Carrie Fisher's greatest film moments
The criminally overlooked performances of a truly iconic actress
Carrie Fisher, 1956-2016. Universally loved – both in fictional universes and real ones – she leaves an unquestionably poignant legacy on a world that needs many more people in her vein. An actress, a writer and an activist, she was inspirational in her flouting of rules and evasion of conformity. In short, she was really, really cool.
Fisher’s iconic portrayal of the badass Princess Leia in the Star Wars saga is what most people associate her acting career with, but there were many other times she absolutely owned the screen too.
Here are the cameos, lead roles and damned hilarious Fisher features that you may have missed…
Shampoo – 1975
Hal Ashby’s 1975 political satire Shampoo was Fisher’s first move role. It’s a supremely funny film that takes place during the 24-hour period on election day in 1968, and was nominated for four Academy Awards. Fisher portrayed Lorna Karpf, the daughter of a powerful couple, and in one piece of early scene stealing acts far older and sage as she grills Warren Beatty’s womanising hairdresser. As the real-life daughter of a singer (Eddie Fisher) and actress (Debbie Reynolds), the role might not have been too far from reality, but it was clear she was a natural. Much like the real life Fisher we’d come to know and love, two years before she was saving the Galaxy as Princess Leia, she proved capable of holding her own against alpha males.
The Blues Brothers – 1980
“You contemptible pig [...] I must now kill you, and your brother [...] you miserable slug”, Fisher snarls at John Belushi and Dan Aykroyd whilst wielding and sporadically spraying a massive machine gun. Fisher, in her iconic role as The Mystery Woman, spends the whole movie trying to kill The Blues Brothers with flamethrowers, rocket launchers and a huge explosion. She never manages, but she’s an absolute unhinged joy to watch.
Under the Rainbow – 1981
A screwball mess of a movie, Under the Rainbow got absolutely panned. Fisher plays a studio casting director given the task of gathering small performers to play the Munchkins in the 1938 film The Wizard of Oz . As the film moves forward, the Munchkins, for no apparent reason, start to tear the hotel apart. They smash everything in the kitchen, swing from the ceiling and wreak general and ungeneral havoc. Its relentless ridiculing of small-people, stereotyping of the Japanese and not-quite-funny enough Nazi secret agents all make it very, very odd. Fisher and her co-star Chevy Chase have both called this one of the worst movies they ever made. It’s totally bizarre, but if anyone comes out of it OK, it’s Fisher. She makes it worth the watch. Just.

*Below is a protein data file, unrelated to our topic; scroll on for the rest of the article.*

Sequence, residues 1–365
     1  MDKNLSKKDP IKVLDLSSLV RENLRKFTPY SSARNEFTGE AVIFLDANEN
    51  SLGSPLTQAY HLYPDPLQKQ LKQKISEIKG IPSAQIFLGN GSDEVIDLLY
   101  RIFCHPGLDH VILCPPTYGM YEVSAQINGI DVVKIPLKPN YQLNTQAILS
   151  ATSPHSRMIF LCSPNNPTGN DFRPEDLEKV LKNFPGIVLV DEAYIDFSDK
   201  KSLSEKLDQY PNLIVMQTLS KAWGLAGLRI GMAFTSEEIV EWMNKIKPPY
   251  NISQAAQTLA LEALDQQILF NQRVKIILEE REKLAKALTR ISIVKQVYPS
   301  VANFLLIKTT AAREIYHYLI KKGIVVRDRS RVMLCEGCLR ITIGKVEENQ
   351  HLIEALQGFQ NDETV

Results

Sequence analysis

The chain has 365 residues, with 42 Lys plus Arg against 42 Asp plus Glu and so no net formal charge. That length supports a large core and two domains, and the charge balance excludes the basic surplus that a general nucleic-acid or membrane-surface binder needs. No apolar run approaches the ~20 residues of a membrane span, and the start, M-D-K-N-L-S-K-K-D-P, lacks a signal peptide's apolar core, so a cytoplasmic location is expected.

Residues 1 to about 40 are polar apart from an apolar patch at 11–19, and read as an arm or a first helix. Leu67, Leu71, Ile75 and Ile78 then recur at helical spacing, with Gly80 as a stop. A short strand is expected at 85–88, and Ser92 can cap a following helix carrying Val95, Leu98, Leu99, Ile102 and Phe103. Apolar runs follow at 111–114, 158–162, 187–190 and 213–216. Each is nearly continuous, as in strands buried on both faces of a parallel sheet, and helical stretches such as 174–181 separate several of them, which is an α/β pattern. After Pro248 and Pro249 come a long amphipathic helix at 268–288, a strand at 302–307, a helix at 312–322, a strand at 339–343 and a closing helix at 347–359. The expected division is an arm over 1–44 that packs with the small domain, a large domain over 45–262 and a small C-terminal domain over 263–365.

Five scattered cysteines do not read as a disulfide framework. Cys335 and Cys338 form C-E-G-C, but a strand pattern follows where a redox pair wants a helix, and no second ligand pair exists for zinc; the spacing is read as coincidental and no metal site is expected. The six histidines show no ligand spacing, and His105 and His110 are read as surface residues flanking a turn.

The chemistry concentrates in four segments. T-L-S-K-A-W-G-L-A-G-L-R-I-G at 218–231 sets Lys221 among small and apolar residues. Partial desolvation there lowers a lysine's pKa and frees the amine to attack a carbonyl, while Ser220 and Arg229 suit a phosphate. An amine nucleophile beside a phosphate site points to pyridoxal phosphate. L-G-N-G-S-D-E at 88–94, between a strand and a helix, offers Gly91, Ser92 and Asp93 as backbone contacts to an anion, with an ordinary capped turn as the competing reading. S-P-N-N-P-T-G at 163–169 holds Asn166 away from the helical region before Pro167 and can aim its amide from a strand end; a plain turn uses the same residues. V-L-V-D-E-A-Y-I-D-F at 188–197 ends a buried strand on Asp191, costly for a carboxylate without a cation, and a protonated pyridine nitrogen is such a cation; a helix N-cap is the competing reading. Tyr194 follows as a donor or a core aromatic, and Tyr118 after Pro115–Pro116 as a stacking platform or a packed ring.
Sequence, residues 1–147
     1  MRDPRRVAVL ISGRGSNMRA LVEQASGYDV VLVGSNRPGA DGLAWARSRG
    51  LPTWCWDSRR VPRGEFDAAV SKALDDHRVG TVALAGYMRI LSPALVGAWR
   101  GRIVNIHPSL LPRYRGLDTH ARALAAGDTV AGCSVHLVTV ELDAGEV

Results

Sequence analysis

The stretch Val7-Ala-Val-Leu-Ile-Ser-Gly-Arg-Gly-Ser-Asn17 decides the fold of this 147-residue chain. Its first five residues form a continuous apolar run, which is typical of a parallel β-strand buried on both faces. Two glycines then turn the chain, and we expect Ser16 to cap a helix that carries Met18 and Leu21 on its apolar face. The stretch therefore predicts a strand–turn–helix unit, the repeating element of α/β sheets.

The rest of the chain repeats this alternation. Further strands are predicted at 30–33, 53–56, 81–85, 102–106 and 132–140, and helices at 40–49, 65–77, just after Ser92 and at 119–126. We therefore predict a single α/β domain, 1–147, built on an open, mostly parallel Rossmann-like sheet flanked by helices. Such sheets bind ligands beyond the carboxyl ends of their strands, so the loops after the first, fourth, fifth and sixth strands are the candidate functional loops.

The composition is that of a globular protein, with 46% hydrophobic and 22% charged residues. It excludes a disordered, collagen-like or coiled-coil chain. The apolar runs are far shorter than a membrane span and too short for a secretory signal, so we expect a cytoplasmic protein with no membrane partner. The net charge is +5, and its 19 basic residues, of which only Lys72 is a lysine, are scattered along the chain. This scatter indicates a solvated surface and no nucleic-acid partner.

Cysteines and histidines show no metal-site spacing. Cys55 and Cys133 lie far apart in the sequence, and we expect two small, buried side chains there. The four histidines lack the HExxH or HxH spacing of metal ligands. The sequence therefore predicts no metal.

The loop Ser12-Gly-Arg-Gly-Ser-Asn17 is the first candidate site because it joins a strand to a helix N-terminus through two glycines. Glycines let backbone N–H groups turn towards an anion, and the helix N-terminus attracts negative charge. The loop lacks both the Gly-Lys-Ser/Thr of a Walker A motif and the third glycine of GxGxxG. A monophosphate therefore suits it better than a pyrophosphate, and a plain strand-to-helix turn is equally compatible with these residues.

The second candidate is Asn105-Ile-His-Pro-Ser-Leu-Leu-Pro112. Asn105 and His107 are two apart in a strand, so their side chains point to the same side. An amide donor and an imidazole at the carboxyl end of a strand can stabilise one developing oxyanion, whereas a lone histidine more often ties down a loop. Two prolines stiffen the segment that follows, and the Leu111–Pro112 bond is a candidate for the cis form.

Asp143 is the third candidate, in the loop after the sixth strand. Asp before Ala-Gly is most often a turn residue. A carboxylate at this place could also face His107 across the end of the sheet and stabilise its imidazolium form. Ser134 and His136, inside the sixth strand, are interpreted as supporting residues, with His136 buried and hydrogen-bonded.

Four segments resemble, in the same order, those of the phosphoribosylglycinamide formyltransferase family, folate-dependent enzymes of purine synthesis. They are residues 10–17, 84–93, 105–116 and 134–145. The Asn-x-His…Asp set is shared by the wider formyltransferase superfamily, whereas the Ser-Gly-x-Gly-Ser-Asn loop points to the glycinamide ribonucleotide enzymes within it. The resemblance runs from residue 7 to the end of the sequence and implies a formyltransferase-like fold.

Fisher played Tom Hanks’ archetypal housewife, Carol Peterson, in this strange American comedy-horror from 1989. Fisher didn’t usually play the ‘straight’ character in films, but she embodies the voice of logic to counteract her absurd husband in The Burbs. The film derides preposterous nature of suburban living, something that Carrie Fisher herself found easy and satisfying to do IRL.
Jay and Silent Bob Strike Back – 2001
Kevin Smith’s madness of a film Jay and Silent Bob Strike Back sees two madness stoners discover that Miramax is making a madness movie about their alter-egos and go hell-bent on destroying it. It’s classic stoner-com territory, featuring a load of cameos from big-time actors – including Fisher and her Star Wars co-star Mark Hamill. Fisher absolutely nails her self-referential scene, which sees her take on the role of a nun who picks up Jay and Bob from the side of the road and accidentally makes them think she wants oral sex whilst driving. Carrie Fisher. As a nun. Claiming to “live by the book”. It’s sordid and indecent and absolutely great.